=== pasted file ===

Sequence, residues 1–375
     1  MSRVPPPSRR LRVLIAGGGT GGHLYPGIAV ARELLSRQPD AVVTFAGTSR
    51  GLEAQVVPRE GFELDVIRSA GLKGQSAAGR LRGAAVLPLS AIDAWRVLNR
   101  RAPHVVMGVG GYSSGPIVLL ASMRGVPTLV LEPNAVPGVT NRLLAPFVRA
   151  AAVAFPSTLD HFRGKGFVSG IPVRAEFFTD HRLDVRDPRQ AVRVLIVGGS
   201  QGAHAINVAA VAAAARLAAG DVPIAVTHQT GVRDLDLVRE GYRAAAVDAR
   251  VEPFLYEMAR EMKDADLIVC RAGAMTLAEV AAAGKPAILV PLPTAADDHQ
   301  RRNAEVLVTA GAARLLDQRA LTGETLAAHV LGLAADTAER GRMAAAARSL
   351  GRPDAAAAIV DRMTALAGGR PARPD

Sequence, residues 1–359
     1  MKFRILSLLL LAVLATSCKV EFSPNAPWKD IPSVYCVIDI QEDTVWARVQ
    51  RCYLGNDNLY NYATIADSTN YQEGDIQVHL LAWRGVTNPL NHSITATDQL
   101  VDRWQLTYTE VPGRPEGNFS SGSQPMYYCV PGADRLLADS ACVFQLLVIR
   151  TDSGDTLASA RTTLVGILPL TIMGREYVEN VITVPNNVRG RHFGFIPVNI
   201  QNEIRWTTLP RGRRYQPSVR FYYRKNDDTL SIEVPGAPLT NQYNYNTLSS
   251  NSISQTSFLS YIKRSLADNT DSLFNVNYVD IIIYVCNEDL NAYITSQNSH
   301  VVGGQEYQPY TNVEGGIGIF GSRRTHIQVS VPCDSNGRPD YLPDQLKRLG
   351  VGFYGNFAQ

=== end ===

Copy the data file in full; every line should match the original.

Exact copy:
Sequence, residues 1–375
     1  MSRVPPPSRR LRVLIAGGGT GGHLYPGIAV ARELLSRQPD AVVTFAGTSR
    51  GLEAQVVPRE GFELDVIRSA GLKGQSAAGR LRGAAVLPLS AIDAWRVLNR
   101  RAPHVVMGVG GYSSGPIVLL ASMRGVPTLV LEPNAVPGVT NRLLAPFVRA
   151  AAVAFPSTLD HFRGKGFVSG IPVRAEFFTD HRLDVRDPRQ AVRVLIVGGS
   201  QGAHAINVAA VAAAARLAAG DVPIAVTHQT GVRDLDLVRE GYRAAAVDAR
   251  VEPFLYEMAR EMKDADLIVC RAGAMTLAEV AAAGKPAILV PLPTAADDHQ
   301  RRNAEVLVTA GAARLLDQRA LTGETLAAHV LGLAADTAER GRMAAAARSL
   351  GRPDAAAAIV DRMTALAGGR PARPD

Sequence, residues 1–359
     1  MKFRILSLLL LAVLATSCKV EFSPNAPWKD IPSVYCVIDI QEDTVWARVQ
    51  RCYLGNDNLY NYATIADSTN YQEGDIQVHL LAWRGVTNPL NHSITATDQL
   101  VDRWQLTYTE VPGRPEGNFS SGSQPMYYCV PGADRLLADS ACVFQLLVIR
   151  TDSGDTLASA RTTLVGILPL TIMGREYVEN VITVPNNVRG RHFGFIPVNI
   201  QNEIRWTTLP RGRRYQPSVR FYYRKNDDTL SIEVPGAPLT NQYNYNTLSS
   251  NSISQTSFLS YIKRSLADNT DSLFNVNYVD IIIYVCNEDL NAYITSQNSH
   301  VVGGQEYQPY TNVEGGIGIF GSRRTHIQVS VPCDSNGRPD YLPDQLKRLG
   351  VGFYGNFAQ